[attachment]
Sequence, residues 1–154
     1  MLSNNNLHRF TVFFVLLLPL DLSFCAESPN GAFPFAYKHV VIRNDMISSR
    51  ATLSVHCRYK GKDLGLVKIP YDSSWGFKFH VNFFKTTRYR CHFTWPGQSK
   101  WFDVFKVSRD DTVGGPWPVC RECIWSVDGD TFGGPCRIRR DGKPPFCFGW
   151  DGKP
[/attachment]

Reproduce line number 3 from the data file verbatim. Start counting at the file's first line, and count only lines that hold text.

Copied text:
    51  ATLSVHCRYK GKDLGLVKIP YDSSWGFKFH VNFFKTTRYR CHFTWPGQSK